He was a fixture at the Arnold. Openly admitted he was giving advice about how to take steroids to anyone who came to his booth. There are no age restrictions at “The Arnold.”

Shawn Rhoden – 46 years old, died in 2021). Champion of the 2018 Mr. Olympia – also competed at the Arnold.

George Peterson – 37 years old, dies in 2021. Won the Arnold Physique contest. Autopsy showed he died from steroids.

Baitollah Abbaspour – 35 years old (2015) An Iranian bodybuilder – died in 2015 – competed in the Arnold in Brazil.

Andreas Munzer – 31 years old died in 1996. He competed in the Arnold at least six times.

Mike Jenkins won the Arnold Strongman Classic in 2012. Died at the age of 31 from a massive heart attack on Thanksgiving Day 2013. Dauphin County PA coroner Graham Hetrick certified Jenkins poisoned himself to death from long term steroid use. His heart was 2 ½ times the size of a normal heart at the time of his death. Mike was reportedly almost 400 pounds at the time of his death.

Dominic Filou died at the age of 41 in 2019. He was a Canadian with a wife and six children. Well over 400 pounds when he competed. Published reports state he died of a heart attack. Dominic competed in both IMG’s World’s Strongest Man and “The Arnold.”

This is just a small sample list of the fatalities of young people who have died who competed at “The Arnold” and other similar strength and bodybuilding competitions.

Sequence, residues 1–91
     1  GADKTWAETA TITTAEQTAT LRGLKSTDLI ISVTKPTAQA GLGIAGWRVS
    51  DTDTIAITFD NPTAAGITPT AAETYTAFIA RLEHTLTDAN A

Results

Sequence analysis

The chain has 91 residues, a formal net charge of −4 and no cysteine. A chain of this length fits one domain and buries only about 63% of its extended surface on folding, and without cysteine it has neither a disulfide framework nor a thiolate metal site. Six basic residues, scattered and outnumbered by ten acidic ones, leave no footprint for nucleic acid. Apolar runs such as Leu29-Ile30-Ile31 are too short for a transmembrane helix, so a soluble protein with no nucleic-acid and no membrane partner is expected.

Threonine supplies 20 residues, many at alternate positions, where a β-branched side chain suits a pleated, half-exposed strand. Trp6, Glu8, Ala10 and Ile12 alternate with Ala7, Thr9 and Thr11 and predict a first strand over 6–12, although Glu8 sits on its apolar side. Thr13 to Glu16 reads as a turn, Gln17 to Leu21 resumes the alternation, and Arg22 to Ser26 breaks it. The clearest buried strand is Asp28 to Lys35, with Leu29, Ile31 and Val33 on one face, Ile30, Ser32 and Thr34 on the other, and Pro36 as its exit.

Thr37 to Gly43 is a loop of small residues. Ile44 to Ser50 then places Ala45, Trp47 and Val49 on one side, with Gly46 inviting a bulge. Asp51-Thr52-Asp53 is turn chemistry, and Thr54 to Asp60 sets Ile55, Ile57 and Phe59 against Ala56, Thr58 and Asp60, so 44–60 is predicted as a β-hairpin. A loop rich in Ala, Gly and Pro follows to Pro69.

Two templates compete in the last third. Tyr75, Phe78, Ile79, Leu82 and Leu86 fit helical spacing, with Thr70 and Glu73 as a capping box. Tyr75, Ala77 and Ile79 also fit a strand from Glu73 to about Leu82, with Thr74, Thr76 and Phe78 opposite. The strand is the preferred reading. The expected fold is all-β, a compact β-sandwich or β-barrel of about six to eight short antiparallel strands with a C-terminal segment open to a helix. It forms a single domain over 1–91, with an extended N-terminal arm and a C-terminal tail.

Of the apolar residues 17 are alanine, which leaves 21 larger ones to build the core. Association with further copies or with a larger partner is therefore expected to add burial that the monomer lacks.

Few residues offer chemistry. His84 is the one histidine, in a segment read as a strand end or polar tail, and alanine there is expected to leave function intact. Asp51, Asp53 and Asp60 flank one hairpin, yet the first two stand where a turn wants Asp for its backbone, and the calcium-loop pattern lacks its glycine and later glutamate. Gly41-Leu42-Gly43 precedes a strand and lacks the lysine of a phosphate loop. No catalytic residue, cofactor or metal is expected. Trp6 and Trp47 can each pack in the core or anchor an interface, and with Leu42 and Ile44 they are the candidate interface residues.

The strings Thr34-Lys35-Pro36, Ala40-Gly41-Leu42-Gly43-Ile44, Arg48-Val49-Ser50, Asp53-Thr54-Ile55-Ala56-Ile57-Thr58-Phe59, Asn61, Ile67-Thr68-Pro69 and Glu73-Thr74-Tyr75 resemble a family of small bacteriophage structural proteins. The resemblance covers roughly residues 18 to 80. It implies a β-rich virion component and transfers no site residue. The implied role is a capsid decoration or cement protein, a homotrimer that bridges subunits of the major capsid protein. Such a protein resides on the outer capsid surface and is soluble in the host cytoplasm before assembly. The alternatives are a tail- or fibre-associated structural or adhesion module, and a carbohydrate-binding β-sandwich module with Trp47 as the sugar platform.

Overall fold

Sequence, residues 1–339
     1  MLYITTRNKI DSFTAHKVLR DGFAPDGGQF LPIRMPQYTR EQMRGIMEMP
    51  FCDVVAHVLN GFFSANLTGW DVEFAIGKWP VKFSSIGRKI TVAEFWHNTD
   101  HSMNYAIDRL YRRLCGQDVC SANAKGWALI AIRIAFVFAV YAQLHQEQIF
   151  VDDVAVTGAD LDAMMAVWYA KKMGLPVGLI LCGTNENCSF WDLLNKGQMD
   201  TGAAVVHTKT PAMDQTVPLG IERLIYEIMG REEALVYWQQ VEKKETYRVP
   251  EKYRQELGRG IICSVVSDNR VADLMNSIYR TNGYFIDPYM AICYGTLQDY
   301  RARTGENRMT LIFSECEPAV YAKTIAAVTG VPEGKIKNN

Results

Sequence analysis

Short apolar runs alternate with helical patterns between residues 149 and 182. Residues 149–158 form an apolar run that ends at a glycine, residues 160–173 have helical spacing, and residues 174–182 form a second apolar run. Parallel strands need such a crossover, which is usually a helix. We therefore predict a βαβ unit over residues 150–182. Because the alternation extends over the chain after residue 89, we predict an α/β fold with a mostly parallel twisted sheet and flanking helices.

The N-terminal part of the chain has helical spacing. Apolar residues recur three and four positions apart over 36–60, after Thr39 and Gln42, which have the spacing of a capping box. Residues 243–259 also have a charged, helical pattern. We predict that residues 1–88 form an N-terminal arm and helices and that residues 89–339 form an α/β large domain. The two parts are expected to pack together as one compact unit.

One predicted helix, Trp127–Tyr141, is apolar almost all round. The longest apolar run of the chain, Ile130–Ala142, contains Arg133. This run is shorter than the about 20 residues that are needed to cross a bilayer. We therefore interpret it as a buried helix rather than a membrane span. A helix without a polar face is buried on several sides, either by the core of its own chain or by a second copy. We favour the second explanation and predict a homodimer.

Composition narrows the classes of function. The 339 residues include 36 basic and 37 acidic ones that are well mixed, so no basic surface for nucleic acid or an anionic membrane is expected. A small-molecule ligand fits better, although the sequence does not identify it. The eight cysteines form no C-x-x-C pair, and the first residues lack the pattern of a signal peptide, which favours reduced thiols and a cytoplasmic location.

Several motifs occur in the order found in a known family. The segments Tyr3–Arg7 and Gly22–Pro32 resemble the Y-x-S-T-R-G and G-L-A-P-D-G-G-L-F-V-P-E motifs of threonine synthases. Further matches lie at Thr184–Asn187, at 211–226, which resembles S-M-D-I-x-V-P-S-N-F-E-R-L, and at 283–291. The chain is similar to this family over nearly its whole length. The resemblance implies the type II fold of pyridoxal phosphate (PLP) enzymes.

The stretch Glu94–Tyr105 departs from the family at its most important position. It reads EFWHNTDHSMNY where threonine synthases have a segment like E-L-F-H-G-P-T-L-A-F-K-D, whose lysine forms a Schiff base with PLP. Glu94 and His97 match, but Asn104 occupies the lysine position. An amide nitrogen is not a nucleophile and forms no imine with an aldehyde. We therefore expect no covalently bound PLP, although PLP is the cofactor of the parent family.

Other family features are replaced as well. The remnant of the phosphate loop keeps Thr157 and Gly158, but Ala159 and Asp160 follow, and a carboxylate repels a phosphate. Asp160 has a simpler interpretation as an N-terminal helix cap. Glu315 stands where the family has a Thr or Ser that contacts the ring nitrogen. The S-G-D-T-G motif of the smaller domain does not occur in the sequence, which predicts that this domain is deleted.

This short list does not come close to the thousands and thousands of young people an event like “The Arnold” influences to believe steroid use is normal.

The medical community has stated that steroids are a gateway drug to opioid use and addiction.

Statistics are difficult to come by with regards to steroid use and fatalities.

What POYS has estimated that well over million young people, maybe up to two million young people are ingesting anabolic steroids illegally, solely for looks.

If that estimate is anything close to being accurate, Americans are spending between $2 billion and $4 billion a year on steroids.

Somebody is making money, a lot of money.

How do you advertise steroid? The drug is as illegal as heroin and cocaine.

Intentional or not, “The Arnold” is a massive ad for steroid sales. And no one in Columbus’ goverment or at CBS Sports Network seems to care about the damage the influence of the competition is having on the youth of Central Ohio and America.